Staff sharply limited occupancy of the 13,000-square-foot supermarket, which had been operating at reduced capacity for months, although LaBonne decided to increase from 35 to 50 the number of customers allowed inside at the store at a single time for the day. To avoid crowding, he brought in employees from his other stores, beefing up stations like checkout and deli to help move shoppers through quickly.
“We knew we would be able to get people out faster so there wouldn’t be lingering in the store,” LaBonne said. “Knowing we were turning the dials faster, I wasn’t as worried about having 20 people in line. One customer was getting waited on by two people at the deli to get them through the store faster.”
Although the event was intended in part to generate extra sales and attract new customers, sales at the newly refreshed store were about 30% higher on Sunday than they were the day of the celebration, LaBonne said.
“I think there was a percentage of our customers that said, ‘You know what? I think it might be a little crazy there with a carnival atmosphere, so I’ll wait until Sunday,’ and the numbers reflected that,” he said.
LaBonne added that beyond marking the launch of the store under his brand, the celebration reflected a new beginning for his grocery business after months of difficulty. He noted that for the first time since the pandemic began, the chain has been able to run advertised specials on meat and other products that have been hard to obtain in sufficient quantities to satisfy demand.
“We felt bad for our customers during the peak of the COVID that we weren’t able to offer them aggressive specials because we were just so restricted with what case counts we could bring in,” said LaBonne. “That was a driving force for us in deciding to do the grand opening.”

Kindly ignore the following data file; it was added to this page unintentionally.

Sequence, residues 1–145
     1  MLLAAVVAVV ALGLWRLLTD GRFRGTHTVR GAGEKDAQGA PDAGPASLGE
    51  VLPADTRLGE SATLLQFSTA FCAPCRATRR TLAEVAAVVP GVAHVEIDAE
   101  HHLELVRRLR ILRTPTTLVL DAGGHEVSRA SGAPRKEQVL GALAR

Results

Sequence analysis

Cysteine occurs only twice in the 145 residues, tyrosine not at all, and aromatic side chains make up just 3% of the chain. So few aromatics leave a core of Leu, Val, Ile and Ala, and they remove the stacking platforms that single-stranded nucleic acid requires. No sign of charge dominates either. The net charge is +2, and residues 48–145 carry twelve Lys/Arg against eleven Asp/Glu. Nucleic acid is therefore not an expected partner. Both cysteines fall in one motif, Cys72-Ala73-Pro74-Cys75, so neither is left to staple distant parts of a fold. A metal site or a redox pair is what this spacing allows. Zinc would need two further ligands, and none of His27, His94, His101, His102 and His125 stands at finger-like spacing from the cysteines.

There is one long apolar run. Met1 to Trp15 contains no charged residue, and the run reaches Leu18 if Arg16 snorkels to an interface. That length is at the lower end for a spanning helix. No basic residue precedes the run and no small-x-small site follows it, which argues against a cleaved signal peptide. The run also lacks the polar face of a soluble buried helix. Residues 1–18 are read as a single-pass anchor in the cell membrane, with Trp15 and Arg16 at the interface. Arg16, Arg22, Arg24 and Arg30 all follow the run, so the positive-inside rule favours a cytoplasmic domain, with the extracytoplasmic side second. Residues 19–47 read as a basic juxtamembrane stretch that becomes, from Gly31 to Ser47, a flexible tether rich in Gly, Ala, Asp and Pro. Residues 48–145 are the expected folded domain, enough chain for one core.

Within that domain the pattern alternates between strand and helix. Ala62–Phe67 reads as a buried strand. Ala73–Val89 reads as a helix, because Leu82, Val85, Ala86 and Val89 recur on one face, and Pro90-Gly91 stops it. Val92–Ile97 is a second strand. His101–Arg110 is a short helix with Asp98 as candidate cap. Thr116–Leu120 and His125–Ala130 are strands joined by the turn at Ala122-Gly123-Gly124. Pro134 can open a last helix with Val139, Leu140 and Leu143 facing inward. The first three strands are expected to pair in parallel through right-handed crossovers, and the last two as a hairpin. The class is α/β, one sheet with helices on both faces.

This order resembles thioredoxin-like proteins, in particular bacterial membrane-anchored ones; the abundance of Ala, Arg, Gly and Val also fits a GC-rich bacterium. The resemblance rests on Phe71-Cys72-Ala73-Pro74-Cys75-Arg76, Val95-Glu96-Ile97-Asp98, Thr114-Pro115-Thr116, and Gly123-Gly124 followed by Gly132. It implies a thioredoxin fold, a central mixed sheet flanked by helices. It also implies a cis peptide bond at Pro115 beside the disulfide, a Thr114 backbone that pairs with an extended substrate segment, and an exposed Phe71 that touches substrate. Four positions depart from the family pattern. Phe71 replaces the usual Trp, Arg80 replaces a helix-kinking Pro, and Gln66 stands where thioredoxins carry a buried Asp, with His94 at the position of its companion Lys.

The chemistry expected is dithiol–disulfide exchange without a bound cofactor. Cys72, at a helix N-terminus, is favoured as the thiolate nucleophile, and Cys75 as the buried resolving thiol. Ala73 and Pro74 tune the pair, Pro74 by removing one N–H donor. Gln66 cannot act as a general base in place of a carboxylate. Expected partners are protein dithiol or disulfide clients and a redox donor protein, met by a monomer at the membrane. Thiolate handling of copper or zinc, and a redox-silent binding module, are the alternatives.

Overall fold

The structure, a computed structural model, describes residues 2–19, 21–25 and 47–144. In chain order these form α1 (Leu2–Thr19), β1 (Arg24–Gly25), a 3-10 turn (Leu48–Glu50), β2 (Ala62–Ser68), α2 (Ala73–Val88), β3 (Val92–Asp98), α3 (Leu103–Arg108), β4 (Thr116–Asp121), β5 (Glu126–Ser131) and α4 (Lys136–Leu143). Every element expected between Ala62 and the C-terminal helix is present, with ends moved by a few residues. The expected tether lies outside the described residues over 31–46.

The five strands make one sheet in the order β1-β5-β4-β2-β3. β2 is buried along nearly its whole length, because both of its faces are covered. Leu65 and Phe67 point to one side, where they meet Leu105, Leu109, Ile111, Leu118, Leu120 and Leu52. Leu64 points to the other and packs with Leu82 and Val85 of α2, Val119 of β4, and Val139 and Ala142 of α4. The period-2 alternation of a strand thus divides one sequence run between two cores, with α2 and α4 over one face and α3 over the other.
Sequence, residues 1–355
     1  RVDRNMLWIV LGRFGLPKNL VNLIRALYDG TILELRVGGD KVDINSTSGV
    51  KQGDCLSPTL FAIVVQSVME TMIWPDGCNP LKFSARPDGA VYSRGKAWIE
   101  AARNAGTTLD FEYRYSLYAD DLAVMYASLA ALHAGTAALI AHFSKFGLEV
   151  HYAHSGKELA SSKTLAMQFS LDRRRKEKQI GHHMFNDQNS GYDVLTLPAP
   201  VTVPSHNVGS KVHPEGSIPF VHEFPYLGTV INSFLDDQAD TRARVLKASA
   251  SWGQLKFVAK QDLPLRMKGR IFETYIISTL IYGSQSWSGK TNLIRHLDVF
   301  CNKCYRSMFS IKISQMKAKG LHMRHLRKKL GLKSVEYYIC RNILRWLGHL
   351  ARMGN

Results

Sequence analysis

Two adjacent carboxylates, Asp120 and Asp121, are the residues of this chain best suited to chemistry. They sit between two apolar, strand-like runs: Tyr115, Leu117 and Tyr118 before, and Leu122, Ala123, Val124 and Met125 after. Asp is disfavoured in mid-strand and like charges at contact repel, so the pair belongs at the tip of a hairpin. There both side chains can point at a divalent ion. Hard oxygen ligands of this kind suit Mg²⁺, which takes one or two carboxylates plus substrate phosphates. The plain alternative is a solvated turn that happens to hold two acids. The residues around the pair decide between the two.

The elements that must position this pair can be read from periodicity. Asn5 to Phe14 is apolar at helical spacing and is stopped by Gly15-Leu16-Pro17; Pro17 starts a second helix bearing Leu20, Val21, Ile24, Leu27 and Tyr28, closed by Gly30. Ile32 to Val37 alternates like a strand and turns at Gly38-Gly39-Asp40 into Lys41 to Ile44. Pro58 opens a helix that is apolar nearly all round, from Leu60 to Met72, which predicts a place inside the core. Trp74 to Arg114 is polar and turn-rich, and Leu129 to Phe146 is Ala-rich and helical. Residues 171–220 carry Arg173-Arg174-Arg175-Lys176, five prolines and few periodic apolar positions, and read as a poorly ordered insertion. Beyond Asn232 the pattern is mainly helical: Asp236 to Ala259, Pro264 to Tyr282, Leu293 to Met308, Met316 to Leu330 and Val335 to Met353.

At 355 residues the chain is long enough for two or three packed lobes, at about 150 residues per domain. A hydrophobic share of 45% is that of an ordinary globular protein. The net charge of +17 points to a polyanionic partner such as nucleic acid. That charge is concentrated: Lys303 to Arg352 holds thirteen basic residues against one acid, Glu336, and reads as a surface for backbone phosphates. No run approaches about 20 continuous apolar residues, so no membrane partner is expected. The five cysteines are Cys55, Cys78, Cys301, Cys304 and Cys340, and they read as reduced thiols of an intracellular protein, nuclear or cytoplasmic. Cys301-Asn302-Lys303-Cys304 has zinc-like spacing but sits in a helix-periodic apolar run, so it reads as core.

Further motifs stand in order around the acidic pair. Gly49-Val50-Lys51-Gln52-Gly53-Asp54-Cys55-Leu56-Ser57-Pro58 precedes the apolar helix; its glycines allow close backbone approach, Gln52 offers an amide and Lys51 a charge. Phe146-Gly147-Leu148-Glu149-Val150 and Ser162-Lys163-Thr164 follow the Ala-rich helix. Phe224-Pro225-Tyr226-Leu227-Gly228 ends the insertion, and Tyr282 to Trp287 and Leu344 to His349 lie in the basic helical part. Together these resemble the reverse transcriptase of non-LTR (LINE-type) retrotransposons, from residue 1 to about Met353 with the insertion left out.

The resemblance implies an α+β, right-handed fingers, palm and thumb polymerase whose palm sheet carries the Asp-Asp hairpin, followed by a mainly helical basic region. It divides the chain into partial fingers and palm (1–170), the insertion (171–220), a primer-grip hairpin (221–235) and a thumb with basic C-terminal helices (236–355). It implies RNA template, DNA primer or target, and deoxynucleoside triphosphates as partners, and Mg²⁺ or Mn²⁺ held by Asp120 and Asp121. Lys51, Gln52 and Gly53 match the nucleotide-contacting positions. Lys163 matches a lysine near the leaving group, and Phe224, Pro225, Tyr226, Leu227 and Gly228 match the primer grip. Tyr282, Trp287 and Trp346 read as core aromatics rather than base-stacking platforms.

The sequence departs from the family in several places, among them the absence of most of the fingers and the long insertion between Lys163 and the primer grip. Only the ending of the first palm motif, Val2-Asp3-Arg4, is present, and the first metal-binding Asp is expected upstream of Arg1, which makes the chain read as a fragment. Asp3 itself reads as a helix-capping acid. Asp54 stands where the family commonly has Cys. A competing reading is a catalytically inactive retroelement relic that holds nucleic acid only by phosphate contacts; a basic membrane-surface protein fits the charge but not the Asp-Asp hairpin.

Showing off new store features
For LaBonne’s, the rebranded store represents a key milestone for other reasons, too. The new location sports a number of new features that reflect changes the grocer has seen as a result of the pandemic, including expanded organic and refrigerated produce sections, service meat and seafood departments, and an expanded kitchen. LaBonne's also began accepting online orders at the store and added home delivery service.
LaBonne also invested in more aesthetic improvements at the store than he had originally planned. Rather than just a refreshed paint job and a new sign, the store sports an entirely new decor package that LaBonne said he intends to replicate at his other three stores over the next couple years.
“It’s a better offering, and it’s a different store than it was in April,” when LaBonne had originally thought he’d have finished transitioning it to his brand, he said.
In a significant departure from the way he has run stores in the past, LaBonne said he decided to dedicate space that had been used for paper goods to products that have resonated with shoppers especially well during the pandemic. For example, beer sales at the new store have recently been 10 times higher than they were when LaBonne purchased the store last year.
“This is another side effect of COVID. Because the paper aisle has been decimated for six months, we cut paper back because you’re lucky if you get 40 cases a week,” LaBonne said. With consumers getting used to a limited selection of products that formerly had been available in a wide variety, “we ended up doing a whole store reset … the center of the store has been shrinking, so why not give the people more of what they’re voting for? Being unique and different is better than having a sixty-second flavor of cat food.”
In the end, LaBonne said, he has learned that as a grocer, it is essential to be agile and resolute to keep pace with the unexpected changes that have been thrust on his business by the pandemic.
“We prioritize and execute,” he said. “We began seeing there was no paper, and asked what’s the priority. We have to put other stuff in that category and use that space, because every inch of the store is paying rent.”